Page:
Is self-compassion more important than self-esteem? It’s typical for human beings to become a replica of how we’re treated by the world and those closest to us. If we’re treated like a victim, it’s easy to make that the baseline of our self-worth. When we’re talked down upon, it’s easy to make ourselves become submissive to the world around us. Not until we find the courage to break free of these kinds of habits are we able to see our true value.

Most gay men today are too busy trying to find self-esteem they ignore the process of self-compassion. Without it we fall susceptible in comparing ourselves to others, relying on them to build our worth when really it should be defined by us. Self-esteem is an often misused term. Though it makes us feel good about ourselves, we forget where it all stems from: the world.
Self-esteem refers to the degree at which we evaluate ourselves positively, but rarely is it ever from our own analysis. It’s how we value ourselves based on comparisons with others and where we are in the food chain. Self-compassion, however, is not based on judgments or evaluations. It’s a way of relating to ourselves, focusing on interconnection rather than separateness. You no longer have to feel better than others to feel good about yourself.

There’s no such thing as perfect. As soon as that realization sets in, it opens a wide amount of space in our souls that allows us to forgive. Forgive ourselves for being overly critical and forgive the world for its judgmental habits. Above all, it teaches us to be present in the moment.
The human condition is notoriously imperfect. All it takes is being kind to ourselves when life doesn’t go our way instead of beating ourselves apart and becoming self-critical. To feel connected to others when we fail or suffer rather than feeling separate or isolated. Instead of suppressing our pain in an effort to maintain an image (which fuels our self-esteem), we ought to recognize and accept it as it arises.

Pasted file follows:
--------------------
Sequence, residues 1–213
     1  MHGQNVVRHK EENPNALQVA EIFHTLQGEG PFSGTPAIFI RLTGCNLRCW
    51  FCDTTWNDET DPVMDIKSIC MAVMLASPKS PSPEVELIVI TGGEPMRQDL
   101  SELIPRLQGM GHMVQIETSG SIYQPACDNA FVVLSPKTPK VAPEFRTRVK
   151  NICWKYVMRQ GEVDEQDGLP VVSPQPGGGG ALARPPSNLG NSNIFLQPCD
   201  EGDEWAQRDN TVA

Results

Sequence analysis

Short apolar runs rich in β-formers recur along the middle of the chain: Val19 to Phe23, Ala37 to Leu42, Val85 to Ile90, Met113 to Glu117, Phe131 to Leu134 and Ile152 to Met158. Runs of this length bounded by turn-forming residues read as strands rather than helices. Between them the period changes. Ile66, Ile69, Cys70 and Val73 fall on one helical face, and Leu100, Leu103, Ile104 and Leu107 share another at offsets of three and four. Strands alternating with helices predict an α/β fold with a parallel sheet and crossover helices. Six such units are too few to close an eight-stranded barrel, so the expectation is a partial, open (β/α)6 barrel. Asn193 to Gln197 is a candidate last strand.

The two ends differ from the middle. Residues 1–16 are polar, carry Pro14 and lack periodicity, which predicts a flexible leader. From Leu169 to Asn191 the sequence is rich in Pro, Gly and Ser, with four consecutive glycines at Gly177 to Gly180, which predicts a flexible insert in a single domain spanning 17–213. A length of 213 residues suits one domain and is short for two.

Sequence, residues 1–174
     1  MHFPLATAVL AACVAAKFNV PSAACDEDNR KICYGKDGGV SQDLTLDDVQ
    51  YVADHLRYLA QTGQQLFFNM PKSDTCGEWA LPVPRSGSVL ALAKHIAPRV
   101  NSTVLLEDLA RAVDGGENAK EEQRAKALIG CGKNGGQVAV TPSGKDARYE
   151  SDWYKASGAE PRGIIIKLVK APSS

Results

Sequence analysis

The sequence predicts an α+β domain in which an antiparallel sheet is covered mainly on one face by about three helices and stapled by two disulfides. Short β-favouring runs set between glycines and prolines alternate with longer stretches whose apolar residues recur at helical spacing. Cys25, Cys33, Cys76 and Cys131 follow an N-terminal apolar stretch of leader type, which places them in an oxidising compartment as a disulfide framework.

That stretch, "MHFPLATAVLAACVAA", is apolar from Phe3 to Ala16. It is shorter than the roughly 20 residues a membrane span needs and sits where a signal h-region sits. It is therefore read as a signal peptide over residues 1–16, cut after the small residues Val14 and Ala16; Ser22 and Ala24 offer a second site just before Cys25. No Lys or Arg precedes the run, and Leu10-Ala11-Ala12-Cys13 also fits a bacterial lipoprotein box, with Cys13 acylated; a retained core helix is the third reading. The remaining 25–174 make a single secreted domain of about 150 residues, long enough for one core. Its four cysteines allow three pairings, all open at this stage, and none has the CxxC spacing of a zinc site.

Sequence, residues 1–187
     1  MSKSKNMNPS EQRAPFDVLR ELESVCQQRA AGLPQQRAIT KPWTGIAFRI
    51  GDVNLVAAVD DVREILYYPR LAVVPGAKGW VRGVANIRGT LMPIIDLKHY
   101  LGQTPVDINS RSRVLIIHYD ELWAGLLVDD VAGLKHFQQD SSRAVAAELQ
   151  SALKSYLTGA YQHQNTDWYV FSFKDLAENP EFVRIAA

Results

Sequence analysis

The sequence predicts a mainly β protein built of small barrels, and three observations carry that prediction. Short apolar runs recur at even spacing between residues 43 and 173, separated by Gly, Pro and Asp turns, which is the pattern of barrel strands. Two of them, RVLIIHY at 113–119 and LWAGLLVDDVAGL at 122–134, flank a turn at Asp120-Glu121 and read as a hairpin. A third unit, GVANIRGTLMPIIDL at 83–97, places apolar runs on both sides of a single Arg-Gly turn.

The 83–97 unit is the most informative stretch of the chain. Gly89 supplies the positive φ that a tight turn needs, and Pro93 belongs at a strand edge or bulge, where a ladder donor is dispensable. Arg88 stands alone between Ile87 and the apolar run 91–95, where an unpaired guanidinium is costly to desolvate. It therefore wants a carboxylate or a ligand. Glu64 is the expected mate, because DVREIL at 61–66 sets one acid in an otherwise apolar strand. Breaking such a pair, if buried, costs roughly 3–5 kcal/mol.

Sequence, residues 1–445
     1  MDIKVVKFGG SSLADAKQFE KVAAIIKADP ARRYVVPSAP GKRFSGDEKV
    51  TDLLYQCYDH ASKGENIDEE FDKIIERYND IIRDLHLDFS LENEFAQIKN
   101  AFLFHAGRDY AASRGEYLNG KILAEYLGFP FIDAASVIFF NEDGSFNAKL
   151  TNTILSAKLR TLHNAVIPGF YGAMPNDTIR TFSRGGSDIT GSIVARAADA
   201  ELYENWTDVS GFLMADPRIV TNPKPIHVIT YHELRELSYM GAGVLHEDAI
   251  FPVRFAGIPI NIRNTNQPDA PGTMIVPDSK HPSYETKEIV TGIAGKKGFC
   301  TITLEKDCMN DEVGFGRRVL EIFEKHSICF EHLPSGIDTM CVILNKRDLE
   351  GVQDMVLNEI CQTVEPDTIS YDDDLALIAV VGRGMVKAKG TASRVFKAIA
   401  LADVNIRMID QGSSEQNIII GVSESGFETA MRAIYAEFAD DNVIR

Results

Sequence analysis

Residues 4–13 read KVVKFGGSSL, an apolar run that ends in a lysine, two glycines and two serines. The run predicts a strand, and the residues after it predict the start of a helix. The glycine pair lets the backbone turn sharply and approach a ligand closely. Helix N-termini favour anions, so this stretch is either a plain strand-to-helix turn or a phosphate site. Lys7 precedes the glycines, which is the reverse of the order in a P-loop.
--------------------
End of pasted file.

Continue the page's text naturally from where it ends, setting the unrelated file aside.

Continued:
It’s easy to become a reflection of what the world says we are because the focus is always from there-to-here, instead of from here-to-there or here-to-here. If it’s easy for us to become how the world treats us, imagine how easy it is to become how we view ourselves. When we’re consistently telling ourselves we’re not good enough, the question we ask ourselves should always be “Says who?” Chances are it will be stemmed from the outside world.

The repercussions of feeling invaluable are more than just outward. It’s an internal hell. According to research, self-compassion has shown to offer the same benefits as self-esteem without its downsides. In a large survey of over 3,000 people, it found self-compassion was associated with much more stable feelings of self-worth than self-esteem. Self-compassion was found to be less contingent on things like physical attractiveness or successful performances, while self-esteem had a strong association with narcissism.
We’ve become emotional sharks hovering over the weak-esteemed and devouring their energy to boost our own self-worth. But until you start feeling compassion for yourself and others, the dog-eat-dog world of emotional satisfaction will continue to rise. Everyone in this world is worthy of love and appreciation, and that includes you.
Focus not on building self-esteem fueled by a judgmental society, but concentrate on self-compassion. Whether you’re on top of the world or at the end of your ropes, learning to embrace yourself with kindness will always act as a springboard towards greater feelings. It’s an emotional safety net which should never be underrated. Everyone deserves respect, so start by respecting yourself.

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